An annular housing 20 surrounds the cage 16 and has an internal annular recess 20 a which communicates with a radially-extending through passage 20 b. Oil can thus be introduced to the passage 20 b and passes through the latter passage, the recess 20 a and the passage 16 e of the cage 16 for supplying oil to the tilt pads 18.
A majority of the radial inner surface of the housing 20 is slightly spaced from the radial outer surface of the cage 16, including the cantilevered portions 16 c and 16 d, to form an annular clearance C which communicates with the recess 20 a of the housing 20 and thus receives some of the above-mentioned oil.
The respective axial end portions of the radial outer surface of the cantilevered portions 16 c and 16 d are enlarged so as to project radially outwardly from the plane of the latter portions and engage the corresponding inner surfaces of the housing 20 in an interference fit. The enlarged portion associated with the cage portion 16 c is shown by the reference 16 f in FIG. 2. These enlarged portions, including the portion 16 f, prevent the leakage of oil from the clearance C; and the axial lengths of the raised portions, including the portion 16 f, are designed to minimize contact stresses between the cage 16 and the housing 20.
The thickness of each cage portion 16 c and 16 d is such that the stiffness of the mechanical springs formed by each portion can be adjusted relative to the bearing stiffness of the tilt pads 18.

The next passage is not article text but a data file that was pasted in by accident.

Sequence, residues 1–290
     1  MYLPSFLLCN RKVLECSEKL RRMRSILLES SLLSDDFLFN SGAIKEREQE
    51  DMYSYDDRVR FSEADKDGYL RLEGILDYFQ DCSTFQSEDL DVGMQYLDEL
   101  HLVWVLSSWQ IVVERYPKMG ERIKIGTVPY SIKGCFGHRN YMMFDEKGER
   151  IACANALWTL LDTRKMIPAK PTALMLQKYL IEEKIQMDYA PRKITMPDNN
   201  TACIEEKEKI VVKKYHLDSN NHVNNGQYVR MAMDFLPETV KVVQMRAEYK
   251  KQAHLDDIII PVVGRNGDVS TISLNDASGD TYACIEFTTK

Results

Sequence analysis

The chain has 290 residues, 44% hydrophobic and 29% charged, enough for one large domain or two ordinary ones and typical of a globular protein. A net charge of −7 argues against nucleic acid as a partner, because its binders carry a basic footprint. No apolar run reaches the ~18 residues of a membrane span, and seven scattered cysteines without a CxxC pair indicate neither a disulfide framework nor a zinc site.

The system 10 of the above embodiment thus has the following advantages:
1. A relatively low clamping force acts on the bearing housing 20 to eliminate the risk of deformation and leakage.
2. No deformation of the inside of the cage 16 occurs where the tilt pads 18 contacts the cage, allowing a much better control of the tilt pad bearing geometry.
3. There is less sensitivity to temperature effects on the housing 20 resulting in minimum deleterious effects on the interference fit between the enlarged portions, including portion 16 f, of the cantilevered portions 16 c and 16 d and the corresponding surfaces of the housing 20.
4. The presence of the oil in the clearance C provides additional damping of the bearing assembly 10 in general, thus significantly increasing the damping provided to the rotor 12.
It is understood that variations may be made in the foregoing without departing from the scope of the invention. For example, the number of angularly-spaced grooves formed in the cage 16 can vary and, in fact there can be only one groove that is continuous in an angular direction. Also, the radial and axial lengths of the cage portions 16 c and 16 d, including the enlarged portion 16 f, can vary from those shown in the drawings. Also the sealing between the bearing housing and cage can be done by other means than metal to metal contact as shown on the drawings.
Since other modifications, changes, and substitutions are intended in the foregoing disclosure, it is appropriate that the appended claims be construed broadly and in a manner consistent with the scope of the invention.
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|US8876389||Mar 30, 2012||Nov 4, 2014||Dresser-Rand Company||Segmented coast-down bearing for magnetic bearing systems|
|US20040156566 *||Feb 5, 2004||Aug 12, 2004||Dresser-Rand Company||Bearing assembly and method|
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|U.S. Classification||384/99, 384/117|
|International Classification||F16C17/03, F16F15/06, F16C43/02, F16C33/10, F16C27/02|
|Cooperative Classification||F16C27/02, F16F15/06, F16C17/03|
|European Classification||F16F15/06, F16C17/03, F16C27/02|
|Oct 3, 2001||AS||Assignment|
|Apr 30, 2007||FPAY||Fee payment|
Year of fee payment: 4
|Apr 28, 2011||FPAY||Fee payment|
Year of fee payment: 8
|Apr 28, 2015||FPAY||Fee payment|
Year of fee payment: 12